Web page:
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Why do people believe in conspiracy theories? Show more Show less
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Studies show that the majority of people believe in at least one conspiracy theory. They’re becoming increasingly pervasive in our everyday lives, with it not being uncommon to hear conspiracy theories coming from commanders-in-chief. Why would someone believe something that others perceive as crazy?

People believe in conspiracy theories because of distrust of the mainstream Show more Show less

Those who distrust the mainstream in some sense are far more likely to believe in conspiracy theories.
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People believe in conspiracy theories because they distrust the government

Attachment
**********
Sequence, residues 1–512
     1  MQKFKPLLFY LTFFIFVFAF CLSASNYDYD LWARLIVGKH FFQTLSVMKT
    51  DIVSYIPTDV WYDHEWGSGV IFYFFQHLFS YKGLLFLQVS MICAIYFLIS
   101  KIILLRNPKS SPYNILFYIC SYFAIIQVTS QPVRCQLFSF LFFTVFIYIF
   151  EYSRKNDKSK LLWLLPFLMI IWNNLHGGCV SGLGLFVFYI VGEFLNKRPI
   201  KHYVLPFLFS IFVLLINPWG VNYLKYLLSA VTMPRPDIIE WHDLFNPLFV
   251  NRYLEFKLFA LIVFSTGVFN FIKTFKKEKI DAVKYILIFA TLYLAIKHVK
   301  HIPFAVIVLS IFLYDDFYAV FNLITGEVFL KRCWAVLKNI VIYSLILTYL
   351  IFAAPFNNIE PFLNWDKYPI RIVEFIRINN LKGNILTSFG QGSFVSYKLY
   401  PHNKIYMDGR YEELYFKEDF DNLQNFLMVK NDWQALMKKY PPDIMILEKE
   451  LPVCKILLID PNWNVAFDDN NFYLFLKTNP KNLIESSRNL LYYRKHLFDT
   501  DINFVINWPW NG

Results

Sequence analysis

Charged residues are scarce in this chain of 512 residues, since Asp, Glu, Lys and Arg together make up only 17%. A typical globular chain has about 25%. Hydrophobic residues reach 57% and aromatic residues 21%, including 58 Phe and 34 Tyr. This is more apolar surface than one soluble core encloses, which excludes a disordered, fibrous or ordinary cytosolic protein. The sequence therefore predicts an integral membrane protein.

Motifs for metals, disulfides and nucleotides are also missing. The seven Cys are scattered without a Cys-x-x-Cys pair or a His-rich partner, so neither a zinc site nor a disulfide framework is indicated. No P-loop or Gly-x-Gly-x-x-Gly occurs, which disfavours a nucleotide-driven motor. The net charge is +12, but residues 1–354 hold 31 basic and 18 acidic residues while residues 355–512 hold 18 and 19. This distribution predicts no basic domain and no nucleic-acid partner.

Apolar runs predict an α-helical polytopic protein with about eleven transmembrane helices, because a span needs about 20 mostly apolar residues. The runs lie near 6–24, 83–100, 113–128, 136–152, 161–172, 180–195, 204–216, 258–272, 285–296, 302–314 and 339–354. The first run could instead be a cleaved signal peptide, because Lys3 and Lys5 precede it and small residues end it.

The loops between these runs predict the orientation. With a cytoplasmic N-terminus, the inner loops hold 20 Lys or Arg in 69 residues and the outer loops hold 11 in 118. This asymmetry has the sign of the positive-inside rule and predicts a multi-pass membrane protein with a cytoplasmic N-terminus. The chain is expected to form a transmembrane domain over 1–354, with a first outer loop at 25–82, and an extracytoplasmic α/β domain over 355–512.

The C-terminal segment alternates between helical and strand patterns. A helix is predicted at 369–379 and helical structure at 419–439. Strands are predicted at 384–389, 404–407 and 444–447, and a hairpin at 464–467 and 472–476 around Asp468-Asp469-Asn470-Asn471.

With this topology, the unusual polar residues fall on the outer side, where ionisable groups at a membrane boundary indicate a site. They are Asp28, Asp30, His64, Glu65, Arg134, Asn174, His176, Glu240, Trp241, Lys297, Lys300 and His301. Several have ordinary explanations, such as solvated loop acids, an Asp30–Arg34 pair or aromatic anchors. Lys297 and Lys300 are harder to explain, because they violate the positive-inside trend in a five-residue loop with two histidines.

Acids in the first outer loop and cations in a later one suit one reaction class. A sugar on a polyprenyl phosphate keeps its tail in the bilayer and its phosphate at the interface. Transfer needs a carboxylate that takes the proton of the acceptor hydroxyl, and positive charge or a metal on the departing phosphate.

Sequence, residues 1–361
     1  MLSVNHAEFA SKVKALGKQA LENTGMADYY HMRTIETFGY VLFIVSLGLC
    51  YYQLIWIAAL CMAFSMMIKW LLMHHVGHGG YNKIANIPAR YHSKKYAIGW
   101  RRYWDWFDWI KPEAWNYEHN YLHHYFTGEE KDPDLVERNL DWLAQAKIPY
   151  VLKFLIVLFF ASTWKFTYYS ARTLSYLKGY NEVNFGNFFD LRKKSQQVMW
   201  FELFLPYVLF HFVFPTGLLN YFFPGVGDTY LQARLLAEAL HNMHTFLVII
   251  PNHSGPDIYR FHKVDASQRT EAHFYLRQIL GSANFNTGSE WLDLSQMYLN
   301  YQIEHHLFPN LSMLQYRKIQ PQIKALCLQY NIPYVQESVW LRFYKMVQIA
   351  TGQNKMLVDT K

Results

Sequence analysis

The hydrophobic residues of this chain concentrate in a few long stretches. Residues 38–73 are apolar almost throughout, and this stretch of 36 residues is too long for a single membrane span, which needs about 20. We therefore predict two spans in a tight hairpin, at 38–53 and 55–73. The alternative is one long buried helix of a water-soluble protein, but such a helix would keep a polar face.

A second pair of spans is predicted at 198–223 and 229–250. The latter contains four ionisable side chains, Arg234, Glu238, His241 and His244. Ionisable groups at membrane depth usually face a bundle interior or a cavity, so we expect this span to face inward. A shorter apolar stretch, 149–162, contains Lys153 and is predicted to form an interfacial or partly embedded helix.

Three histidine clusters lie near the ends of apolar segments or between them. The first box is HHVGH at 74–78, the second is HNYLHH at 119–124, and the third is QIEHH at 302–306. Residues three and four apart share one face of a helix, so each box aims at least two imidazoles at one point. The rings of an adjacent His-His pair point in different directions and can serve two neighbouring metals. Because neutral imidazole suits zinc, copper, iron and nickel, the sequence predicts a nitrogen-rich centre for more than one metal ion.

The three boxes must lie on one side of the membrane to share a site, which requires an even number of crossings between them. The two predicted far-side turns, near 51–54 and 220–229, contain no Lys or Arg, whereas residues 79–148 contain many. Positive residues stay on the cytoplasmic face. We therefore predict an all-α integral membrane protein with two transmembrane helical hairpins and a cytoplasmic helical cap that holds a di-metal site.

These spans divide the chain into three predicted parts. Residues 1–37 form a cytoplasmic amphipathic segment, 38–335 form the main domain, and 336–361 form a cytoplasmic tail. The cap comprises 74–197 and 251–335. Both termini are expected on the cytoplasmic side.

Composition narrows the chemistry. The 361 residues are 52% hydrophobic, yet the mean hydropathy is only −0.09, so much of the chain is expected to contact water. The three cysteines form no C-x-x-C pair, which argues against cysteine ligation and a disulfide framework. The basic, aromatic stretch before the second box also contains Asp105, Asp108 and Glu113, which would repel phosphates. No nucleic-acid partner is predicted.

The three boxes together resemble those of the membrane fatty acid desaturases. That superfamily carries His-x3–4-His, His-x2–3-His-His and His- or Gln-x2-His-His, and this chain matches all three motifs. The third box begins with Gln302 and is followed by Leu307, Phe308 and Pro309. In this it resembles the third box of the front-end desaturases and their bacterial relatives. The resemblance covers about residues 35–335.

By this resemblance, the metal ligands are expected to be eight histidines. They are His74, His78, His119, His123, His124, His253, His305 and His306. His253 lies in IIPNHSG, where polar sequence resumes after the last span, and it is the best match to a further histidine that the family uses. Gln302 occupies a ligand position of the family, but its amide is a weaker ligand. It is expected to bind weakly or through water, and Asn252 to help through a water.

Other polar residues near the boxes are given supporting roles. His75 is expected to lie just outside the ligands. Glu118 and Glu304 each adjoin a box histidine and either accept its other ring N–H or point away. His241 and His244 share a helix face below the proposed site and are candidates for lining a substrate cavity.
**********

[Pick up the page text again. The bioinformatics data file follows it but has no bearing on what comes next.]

Governmental distrust is on the rise, meaning that people are more likely to subscribe to beliefs that characterise it as an evil entity.
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The Argument

While in the 60s roughly 77% of Americans trusted their governments, this has dramatically fallen to 19%.[1] Governmental distrust rising means that people are increasingly inclined to believe conspiracy theories that portray the government as an evil actor. While the perpetrator of conspiracy theories used to generally be groups of people (E.g. Jewish people, the Freemasons), the government is increasingly characterised as the perpetrator of conspiracies.[2] People who distrust the government have plenty of reasons to feel that their government could be participating in a conspiracy. Beyond this, it is easy to then continue to subscribe to conspiracy theories.

Counter arguments


[P1] More and more people distrust the government. [P2] This naturally leads to people believing conspiracy theories about the government.

Rejecting the premises




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This page was last edited on Monday, 16 Mar 2020 at 17:31 UTC

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